Thanks for walking through my "never say never" moment (my husband though proud of my accomplishment, still has an indelible smirk plastered across his face because my "never" comment came to fruition). I can't believe my book is out there for the whole world to read.

What a fantastic time to be a reader and a writer. (One more plug... click here to get the book now!)

Saturday, February 4, 2012

E-reading: Are you doing it yet?

Kindle E-publishing
A few years ago, when Kindle came out, I was hurt.

It sounds absurd, but as a writer, we view books as the actual evidence to verify our profession. How in the world was a writer supposed to be an author if their books were virtual? Did it count? Did it invalidate all the authors out there? What about the wanna-be authors who think they too can be authors all because their work is out there as a "book"?

Now that we've all gotten a chance to deliberate over it, buy our Kindles or Nooks or Ipads or other e-readers, it seems that none of that matters. My thinking that e-publishing debased authors and their platforms was incorrect. Why? Because good writers, whether physically published or virtually published, still need the readers -- the public -- to consider their work good in order for it to fare well.

I also used to think that e-pubbing was a cop-out; that this wasn't "real" publishing because an editor or agent or publisher didn't pick it up. I'm wrong on that too. How many books have you read, that once finished -- if you even got that far--you wondered how it happened? How fate lined up their work -- their awful work-- and had it published?

And how many e-books have you read that are absolutely mind-blowing, inspirational -- stories that go beyond average-- and wonder how they weren't picked up by an agent or editor in the first place?

Truth is, e-publishing is perfect for everyone. It's great for those who want to write, and can't seem to catch that big break into the actual book-publishing world. This is a new outlet; a way for them to see their words in (virtual) print. Which to me, is better than nothing -- and also better than lining your walls with rejection letters.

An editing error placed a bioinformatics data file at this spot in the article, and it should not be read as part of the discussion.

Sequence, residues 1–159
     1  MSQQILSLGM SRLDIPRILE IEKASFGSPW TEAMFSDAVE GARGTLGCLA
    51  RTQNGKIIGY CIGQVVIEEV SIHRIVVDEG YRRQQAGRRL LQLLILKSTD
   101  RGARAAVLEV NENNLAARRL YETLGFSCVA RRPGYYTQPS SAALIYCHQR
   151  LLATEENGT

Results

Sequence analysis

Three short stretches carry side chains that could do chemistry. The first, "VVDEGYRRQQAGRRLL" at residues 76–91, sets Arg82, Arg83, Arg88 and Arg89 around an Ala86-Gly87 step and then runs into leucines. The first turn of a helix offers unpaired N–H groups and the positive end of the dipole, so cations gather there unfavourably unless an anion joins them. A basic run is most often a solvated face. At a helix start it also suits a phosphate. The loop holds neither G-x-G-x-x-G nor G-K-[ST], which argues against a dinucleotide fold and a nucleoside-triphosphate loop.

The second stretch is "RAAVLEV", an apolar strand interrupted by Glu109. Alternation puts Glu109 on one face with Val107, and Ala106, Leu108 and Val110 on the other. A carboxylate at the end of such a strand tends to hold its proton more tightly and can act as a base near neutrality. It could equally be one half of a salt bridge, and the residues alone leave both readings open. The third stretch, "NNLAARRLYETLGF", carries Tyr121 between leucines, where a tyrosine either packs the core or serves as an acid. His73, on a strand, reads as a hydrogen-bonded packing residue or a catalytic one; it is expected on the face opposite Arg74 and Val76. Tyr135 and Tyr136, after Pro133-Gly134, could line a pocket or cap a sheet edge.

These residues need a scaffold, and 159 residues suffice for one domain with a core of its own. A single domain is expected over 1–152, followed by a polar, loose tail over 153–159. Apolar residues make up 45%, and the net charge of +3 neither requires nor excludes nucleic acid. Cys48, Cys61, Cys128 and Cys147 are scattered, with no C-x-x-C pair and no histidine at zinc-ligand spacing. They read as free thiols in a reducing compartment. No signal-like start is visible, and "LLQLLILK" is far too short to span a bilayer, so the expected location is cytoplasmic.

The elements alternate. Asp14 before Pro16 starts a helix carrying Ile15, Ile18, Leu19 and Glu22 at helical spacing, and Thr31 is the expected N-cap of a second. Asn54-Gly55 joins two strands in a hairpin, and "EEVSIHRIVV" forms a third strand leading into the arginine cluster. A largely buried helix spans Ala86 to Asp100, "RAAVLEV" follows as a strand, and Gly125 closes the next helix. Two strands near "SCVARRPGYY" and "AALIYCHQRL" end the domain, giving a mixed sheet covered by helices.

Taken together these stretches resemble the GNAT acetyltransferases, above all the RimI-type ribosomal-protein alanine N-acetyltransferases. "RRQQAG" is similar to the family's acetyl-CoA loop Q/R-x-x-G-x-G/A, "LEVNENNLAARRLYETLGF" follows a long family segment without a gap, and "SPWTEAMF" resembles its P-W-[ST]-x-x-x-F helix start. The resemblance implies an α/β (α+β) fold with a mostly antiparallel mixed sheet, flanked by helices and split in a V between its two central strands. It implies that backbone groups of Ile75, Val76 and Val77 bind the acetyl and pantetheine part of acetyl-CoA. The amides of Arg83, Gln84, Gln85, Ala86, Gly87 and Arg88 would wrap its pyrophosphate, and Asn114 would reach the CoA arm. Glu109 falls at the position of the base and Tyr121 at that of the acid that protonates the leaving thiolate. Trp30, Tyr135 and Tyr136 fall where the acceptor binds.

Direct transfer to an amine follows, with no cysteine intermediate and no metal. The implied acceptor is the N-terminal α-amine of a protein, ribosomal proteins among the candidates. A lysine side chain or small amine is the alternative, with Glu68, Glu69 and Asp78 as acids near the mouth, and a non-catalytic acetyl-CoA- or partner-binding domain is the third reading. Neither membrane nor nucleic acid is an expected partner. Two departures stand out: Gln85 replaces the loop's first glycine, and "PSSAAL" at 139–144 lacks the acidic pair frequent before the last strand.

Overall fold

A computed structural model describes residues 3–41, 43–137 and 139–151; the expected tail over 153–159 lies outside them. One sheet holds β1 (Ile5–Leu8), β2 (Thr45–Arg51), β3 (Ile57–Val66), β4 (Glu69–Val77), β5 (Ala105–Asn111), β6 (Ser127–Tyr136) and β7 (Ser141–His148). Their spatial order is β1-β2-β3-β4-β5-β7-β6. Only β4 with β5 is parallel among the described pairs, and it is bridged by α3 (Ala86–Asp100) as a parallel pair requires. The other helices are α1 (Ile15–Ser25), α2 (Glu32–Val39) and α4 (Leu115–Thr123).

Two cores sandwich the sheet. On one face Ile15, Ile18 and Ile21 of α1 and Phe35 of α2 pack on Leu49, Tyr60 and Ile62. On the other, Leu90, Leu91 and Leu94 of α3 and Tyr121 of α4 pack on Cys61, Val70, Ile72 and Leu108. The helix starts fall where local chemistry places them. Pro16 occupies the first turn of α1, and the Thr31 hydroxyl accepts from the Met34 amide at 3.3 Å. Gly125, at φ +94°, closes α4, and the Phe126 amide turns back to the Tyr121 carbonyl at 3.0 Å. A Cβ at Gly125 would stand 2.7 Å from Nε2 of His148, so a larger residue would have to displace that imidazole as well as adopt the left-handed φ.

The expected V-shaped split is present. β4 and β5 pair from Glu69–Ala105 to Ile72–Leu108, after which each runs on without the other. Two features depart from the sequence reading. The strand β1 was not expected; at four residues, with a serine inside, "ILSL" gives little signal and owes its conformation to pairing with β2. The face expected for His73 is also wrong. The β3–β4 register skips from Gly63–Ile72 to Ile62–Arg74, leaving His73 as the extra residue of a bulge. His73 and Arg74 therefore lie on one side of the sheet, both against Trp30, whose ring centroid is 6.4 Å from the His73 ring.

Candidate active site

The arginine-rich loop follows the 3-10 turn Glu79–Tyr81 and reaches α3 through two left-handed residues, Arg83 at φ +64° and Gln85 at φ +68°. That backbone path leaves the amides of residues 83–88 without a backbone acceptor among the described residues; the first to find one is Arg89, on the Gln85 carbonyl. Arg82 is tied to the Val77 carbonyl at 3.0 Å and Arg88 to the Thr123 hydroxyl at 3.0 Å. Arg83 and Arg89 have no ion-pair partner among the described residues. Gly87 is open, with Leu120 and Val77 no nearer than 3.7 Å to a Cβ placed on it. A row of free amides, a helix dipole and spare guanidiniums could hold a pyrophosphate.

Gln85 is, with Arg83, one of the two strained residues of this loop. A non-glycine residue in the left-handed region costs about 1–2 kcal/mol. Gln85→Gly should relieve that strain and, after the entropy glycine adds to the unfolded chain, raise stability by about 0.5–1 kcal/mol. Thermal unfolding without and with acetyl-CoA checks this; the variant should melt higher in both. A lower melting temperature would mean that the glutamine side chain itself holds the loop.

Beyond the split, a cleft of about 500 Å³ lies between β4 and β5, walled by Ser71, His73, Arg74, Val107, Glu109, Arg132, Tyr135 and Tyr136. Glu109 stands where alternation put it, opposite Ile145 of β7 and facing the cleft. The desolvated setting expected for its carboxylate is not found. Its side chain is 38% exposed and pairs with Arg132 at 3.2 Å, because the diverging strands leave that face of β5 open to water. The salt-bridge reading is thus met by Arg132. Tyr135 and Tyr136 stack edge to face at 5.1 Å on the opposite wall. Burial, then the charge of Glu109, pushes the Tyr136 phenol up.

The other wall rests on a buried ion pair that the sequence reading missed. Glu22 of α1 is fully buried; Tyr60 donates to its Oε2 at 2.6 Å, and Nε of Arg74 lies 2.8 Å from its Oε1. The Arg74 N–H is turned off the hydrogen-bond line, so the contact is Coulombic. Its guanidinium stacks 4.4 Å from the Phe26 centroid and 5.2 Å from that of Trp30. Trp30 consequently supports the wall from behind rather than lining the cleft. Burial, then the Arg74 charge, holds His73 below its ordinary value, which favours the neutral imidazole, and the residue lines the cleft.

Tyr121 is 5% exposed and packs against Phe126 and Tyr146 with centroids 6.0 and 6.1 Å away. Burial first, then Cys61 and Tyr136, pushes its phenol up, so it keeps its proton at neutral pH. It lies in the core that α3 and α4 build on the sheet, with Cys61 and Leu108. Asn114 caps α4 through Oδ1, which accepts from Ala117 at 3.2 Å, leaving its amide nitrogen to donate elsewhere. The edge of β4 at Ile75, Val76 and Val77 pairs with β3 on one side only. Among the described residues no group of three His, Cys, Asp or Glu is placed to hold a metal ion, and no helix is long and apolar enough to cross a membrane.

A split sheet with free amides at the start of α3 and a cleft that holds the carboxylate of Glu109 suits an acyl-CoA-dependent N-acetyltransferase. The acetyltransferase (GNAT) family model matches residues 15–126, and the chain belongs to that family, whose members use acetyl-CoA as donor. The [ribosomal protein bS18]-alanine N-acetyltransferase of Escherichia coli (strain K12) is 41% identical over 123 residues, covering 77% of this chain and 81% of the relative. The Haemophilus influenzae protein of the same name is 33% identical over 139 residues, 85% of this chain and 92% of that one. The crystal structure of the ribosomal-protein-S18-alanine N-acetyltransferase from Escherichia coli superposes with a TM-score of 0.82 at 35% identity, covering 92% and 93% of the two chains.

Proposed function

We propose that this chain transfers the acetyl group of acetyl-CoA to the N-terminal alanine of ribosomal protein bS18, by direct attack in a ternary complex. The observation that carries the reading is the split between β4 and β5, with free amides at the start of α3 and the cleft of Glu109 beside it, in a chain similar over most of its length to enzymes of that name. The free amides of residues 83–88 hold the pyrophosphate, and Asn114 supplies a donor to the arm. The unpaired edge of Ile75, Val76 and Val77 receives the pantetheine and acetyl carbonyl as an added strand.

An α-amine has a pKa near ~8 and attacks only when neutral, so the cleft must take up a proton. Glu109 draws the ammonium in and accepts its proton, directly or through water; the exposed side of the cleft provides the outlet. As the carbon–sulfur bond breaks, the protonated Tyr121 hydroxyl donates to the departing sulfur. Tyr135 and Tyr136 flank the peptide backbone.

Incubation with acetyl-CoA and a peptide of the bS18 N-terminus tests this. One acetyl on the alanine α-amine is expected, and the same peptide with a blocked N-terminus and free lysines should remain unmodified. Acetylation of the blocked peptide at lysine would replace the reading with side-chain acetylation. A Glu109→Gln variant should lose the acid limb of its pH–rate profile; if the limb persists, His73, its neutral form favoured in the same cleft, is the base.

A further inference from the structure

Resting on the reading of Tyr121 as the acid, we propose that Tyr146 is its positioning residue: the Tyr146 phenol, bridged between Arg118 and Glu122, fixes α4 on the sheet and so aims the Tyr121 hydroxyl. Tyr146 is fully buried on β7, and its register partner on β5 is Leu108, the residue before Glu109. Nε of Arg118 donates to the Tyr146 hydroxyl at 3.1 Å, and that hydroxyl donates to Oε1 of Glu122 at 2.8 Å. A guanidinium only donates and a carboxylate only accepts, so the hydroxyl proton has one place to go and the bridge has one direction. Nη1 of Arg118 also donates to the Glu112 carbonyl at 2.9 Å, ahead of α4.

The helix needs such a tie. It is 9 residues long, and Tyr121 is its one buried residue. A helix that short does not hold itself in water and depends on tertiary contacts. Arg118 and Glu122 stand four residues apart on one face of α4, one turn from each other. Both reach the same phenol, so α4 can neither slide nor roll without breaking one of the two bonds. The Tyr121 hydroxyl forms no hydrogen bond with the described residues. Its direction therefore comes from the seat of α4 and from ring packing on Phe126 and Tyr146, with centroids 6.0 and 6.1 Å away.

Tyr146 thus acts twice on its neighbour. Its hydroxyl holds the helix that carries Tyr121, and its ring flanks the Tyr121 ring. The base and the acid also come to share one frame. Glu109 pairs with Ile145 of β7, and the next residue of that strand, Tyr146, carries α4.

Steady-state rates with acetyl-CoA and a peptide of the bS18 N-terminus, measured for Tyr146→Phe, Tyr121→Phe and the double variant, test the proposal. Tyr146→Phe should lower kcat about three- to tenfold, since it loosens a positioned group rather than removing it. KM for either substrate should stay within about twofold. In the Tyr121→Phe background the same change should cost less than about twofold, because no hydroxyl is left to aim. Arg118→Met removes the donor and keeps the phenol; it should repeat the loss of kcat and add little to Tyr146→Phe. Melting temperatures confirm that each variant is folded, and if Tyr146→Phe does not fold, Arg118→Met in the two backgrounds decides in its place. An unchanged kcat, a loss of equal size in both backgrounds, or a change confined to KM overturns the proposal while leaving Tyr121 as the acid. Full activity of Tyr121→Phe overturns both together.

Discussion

E-publishing is good for those who think they can write, but insist on throwing it into the e-pub arena even though their work is absolute trash. If your work isn't good, it won't sell. Word-of-mouth sales are an enormous issue with e-books too. If the reviews are disastrous, the book won't sell. If the reviews are decent, chances are good one person will tell another, who will tell another, who will tell another and so on.

E-publishing is also great because it's worldwide from the comfort of your own home: for those doing the reading or the selling. To think someone from the opposite side of the world can read your book and like it, is amazing! And that it happens instantly, and inexpensively, is just another two cherries on the top of this e-publishing sundae! Who wouldn't want to pay a $1.99 for a chance that the book is good rather than $24.99 and then regret not having spent the $24.99 on a pair of shoes?

If you refuse to e-read, it's okay. There's a lot of people out there who still love to feel the pages in their fingers or inhale the smell of the glue and cardstock, or take in the vivid colors of the jacket flap. Me included. Books will never go away. And if you're one of the lucky that has been published "for real", then kuddos (or extra chocolate on your sundae) to you.

But, I also don't think e-publishing or e-reading with go away for a very long time either. As long as we have writers, we will have readers. And if the reading can be instantaneous, in an instantaneous-driven world, we will have e-publishing. I think it's here to stay. I think it can be a great, great thing. And I think, it might just be what so many writers have wanted without needing to spend thousands on self-publishing (and boxes of unsold books in the years to follow.)

It may not be for everyone, but it might just be for me.

What about you?